Author Interview with Connie B. Dowell
I’m interviewing Connie B. Dowell, author of non-ficton “You Can Love Writing”. Enjoy the interview.
When did you know you wanted to become an author?
I can remember the exact moment. I was a tiny thing and my favorite pastime was making “books” by folding and stapling computer paper (the old dot matrix kind; if I was really proud of my work, I even carefully removed the dot strips.). After who knows how many books, my dad offered to make me a “hard-back” one using foam board and duct tape. As I began work on the freshly bound book, I decided I would publish this one. Heck, I would make this writing thing a career. Well, it took me twenty-two years to get a book to publication, but I like to think that it if it weren’t for the duct tape it wouldn’t have happened at all.
Where did you get the inspiration for You Can Love Writing?
Last summer, I was working with a student who made some great progress with her writing in a short time. The best part of the process was watching how much she learned not only to organize her thoughts and use transitions but also how to embrace her role as a writer and enjoy the process. I had recommended a number of great resources to her, including Grammar Girl’s excellent works. I thought there really ought to be something like Grammar Girl for the big picture elements of writing, there ought to be a book about having fun with the process. It wasn’t long before “Someone should write this” turned into “I could write this.”
What is your editing process like?
First, I sleep on it. It’s just too overwhelming to finish a draft and start revising it right away. The first pass is for big picture stuff, things that would require rewriting or moving pieces around. Once that’s done, I look at connective tissue and the sentence-by-sentence edits. I drink a ton of coffee. Then I have someone else look at my work. I make the changes needed from suggestions in the same order, big picture stuff first, then copyedits. Then comes the professional editor’s role and associated responses to those suggestions. I drink more coffee. Coffee is key to successful editing. I suppose tea drinkers might manage okay, but I am slightly skeptical.
What was the most challenging part about writing this book?
The trouble with writing on a topic you spend your days teaching is that it’s hard to know when to stop writing. I had to remind myself many times of my intended scope for the book, and I couldn’t let myself go on forever. This was meant to be a short guide, not War and Peace.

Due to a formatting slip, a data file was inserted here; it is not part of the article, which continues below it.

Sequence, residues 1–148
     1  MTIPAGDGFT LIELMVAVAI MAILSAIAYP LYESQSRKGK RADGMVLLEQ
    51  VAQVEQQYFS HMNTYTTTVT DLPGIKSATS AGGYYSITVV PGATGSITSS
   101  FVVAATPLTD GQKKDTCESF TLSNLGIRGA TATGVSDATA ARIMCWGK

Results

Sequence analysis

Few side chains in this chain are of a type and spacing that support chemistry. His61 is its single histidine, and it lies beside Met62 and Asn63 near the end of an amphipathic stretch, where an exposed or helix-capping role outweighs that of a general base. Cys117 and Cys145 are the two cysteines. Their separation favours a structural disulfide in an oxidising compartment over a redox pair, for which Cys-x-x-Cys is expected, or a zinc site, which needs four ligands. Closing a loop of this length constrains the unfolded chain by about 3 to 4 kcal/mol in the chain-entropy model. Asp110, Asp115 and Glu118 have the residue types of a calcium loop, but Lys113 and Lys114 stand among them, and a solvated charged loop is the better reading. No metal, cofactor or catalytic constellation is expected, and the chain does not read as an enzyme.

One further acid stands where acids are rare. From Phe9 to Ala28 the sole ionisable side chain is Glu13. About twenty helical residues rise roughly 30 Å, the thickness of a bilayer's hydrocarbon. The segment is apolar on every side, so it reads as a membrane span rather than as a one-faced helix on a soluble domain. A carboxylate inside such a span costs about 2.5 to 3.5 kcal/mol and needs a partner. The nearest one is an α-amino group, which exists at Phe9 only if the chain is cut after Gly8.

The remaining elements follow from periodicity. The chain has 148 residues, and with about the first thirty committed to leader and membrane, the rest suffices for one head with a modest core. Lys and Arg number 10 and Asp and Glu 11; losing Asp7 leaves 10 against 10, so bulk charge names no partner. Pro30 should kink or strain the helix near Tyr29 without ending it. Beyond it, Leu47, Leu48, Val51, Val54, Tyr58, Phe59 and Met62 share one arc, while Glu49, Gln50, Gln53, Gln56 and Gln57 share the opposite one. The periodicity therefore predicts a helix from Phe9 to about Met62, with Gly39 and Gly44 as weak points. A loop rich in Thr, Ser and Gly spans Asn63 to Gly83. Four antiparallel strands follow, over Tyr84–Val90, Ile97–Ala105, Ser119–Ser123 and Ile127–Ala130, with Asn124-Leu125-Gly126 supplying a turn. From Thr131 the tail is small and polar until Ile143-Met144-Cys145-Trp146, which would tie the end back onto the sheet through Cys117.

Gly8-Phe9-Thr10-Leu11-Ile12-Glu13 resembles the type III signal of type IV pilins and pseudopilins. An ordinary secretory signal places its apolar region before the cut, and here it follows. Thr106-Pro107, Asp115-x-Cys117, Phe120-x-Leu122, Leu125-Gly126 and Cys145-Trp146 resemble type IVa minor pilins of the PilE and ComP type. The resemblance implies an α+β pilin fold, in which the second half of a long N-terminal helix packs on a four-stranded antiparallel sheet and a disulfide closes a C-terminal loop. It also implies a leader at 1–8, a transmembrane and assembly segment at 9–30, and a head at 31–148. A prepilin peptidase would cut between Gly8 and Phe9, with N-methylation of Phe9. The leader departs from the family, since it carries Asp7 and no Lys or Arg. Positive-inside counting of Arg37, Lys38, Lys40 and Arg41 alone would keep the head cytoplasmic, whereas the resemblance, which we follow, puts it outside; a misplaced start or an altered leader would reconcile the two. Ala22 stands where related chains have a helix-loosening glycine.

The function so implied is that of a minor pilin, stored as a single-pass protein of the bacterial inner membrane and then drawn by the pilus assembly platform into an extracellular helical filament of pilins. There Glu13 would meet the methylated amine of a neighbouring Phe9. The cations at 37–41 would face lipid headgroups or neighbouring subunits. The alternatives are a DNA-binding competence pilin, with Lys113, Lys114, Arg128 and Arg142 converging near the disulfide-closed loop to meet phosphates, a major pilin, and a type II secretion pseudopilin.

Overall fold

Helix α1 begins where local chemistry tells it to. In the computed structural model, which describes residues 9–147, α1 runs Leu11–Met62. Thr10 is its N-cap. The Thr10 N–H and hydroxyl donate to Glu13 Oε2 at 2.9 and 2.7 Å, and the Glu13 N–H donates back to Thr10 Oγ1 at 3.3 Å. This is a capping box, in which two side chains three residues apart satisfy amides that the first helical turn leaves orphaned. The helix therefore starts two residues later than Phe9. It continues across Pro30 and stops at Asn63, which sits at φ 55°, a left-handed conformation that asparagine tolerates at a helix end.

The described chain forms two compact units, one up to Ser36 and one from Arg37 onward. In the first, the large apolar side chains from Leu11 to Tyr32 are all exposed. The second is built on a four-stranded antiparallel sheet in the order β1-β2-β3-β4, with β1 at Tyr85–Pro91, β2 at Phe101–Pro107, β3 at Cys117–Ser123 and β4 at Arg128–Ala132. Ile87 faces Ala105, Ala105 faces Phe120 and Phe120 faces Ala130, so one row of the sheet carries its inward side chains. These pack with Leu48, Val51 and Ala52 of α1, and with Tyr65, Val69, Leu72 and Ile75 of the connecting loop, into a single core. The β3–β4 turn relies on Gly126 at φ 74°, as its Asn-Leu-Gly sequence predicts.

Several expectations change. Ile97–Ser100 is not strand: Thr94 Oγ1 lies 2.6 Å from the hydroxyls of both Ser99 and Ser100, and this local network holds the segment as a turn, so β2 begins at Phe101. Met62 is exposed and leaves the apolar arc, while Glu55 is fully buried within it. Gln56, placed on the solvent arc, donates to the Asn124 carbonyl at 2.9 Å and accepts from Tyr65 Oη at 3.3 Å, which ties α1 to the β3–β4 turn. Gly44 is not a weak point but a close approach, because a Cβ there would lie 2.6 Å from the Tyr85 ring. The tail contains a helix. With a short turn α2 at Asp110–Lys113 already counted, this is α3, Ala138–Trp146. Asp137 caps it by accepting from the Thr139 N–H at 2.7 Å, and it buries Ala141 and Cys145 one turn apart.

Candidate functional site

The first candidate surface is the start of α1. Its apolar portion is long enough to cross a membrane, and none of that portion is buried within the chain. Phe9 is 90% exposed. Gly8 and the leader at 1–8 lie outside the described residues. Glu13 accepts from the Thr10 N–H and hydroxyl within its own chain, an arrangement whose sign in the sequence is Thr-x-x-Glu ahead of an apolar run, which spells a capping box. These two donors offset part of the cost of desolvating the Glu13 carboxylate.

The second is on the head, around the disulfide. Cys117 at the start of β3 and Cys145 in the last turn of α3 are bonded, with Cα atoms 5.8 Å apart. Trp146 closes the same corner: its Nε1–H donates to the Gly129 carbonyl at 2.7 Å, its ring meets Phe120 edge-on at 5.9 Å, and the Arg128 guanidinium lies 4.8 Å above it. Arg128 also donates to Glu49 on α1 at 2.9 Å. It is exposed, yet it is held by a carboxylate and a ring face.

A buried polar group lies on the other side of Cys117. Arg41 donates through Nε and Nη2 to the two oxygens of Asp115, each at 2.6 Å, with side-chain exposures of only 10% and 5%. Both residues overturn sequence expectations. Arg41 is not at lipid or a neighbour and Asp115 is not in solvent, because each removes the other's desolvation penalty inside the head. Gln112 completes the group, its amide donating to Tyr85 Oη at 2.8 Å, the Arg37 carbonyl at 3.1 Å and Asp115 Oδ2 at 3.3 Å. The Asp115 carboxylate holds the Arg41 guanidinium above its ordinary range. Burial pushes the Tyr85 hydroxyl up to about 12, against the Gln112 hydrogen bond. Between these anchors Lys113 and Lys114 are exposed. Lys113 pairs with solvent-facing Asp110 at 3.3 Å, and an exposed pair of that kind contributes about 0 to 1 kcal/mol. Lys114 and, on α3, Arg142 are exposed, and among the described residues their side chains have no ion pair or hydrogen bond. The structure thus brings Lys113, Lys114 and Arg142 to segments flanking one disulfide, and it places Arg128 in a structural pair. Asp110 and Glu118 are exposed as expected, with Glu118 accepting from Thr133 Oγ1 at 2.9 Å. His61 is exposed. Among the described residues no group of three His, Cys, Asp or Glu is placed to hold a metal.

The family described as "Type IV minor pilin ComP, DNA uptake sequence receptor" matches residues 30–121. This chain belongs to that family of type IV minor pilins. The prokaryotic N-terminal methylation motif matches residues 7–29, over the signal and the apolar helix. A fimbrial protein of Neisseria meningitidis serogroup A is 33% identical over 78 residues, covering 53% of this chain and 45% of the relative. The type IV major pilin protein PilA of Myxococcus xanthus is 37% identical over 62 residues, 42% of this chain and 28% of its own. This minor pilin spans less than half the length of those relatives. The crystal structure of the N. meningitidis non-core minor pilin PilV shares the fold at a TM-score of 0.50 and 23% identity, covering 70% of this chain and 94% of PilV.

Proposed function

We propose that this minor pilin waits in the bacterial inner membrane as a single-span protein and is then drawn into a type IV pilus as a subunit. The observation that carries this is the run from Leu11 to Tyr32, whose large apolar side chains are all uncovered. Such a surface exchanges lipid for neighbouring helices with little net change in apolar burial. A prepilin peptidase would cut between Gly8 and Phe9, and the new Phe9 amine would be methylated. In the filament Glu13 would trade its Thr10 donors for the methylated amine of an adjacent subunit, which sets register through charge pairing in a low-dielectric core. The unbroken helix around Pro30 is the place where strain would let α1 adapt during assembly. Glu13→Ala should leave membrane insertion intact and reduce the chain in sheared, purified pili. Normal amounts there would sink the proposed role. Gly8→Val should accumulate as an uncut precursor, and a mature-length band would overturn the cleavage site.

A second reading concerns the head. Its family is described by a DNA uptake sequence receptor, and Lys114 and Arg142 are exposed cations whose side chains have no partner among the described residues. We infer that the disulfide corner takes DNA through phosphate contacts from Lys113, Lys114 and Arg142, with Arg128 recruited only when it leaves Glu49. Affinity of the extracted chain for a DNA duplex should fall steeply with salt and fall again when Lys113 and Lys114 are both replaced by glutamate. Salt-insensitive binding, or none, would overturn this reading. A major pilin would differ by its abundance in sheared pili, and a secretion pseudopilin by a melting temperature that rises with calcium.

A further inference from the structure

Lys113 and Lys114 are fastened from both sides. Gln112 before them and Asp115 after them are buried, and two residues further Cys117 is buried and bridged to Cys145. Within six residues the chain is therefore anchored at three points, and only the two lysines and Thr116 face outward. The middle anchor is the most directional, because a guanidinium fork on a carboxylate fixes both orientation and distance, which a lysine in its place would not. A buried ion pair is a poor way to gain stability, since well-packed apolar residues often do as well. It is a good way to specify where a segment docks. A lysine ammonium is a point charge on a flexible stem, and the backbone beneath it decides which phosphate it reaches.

What are your writing goals for 2014?
I’m planning on getting two more manuscripts through developmental edits and completing one short story. All three of these are rather research-heavy projects. The research is actually going to take close to the same amount of time as the actual drafting.
Are you working on something right now? If so, can you tell us about it?
I’m mid-first draft on a young adult historical mystery dealing with Southern suffragists. It’s a blast to write and to research. I’ve had the most fun combing through old schoolbooks (from real 1910s schoolgirls), touring historic houses, and learning about the women who dedicated their lives to ensuring that future generations of women would have a political voice. I anticipate the first book in this series to come out in the spring of 2015.
About the Book
Author: Connie B. Dowell
Genre: Non-Fiction, Educational
How would you like to
- perform with the passion of an Oscar winning actor,
- compete with the drive and fervor of an Olympic athlete, or
- teach like you’ve got a Nobel Prize slung around your neck
all while doing your homework?
Believe it or not, you can do all of this and much more in the course of writing your college papers. This book takes you through the overlapping stages of the writing process, using game mechanics, cooperation, and learning styles to help you have as much fun as possible and take charge of your own education. With exercises and activities for groups and individuals, this text focuses on the meat of writing, the big picture elements that matter most in both college papers and real world writing situations, all with an eye toward enjoyment.
Sit down, crack open this guide, and give your favorite notebook a big hug. You may not have a choice about writing your papers, but who says you can’t love them?
Connie B. Dowell is a writing center coordinator and freelance editor. She holds a B.A. in English from the University of Georgia and a Masters of Library and Information Science from Valdosta State University. She lives in Virginia with her husband, where they both consume far more coffee than is probably wise.
Twitter at @ConnieBDowell
Facebook at facebook.com/editorcbdowell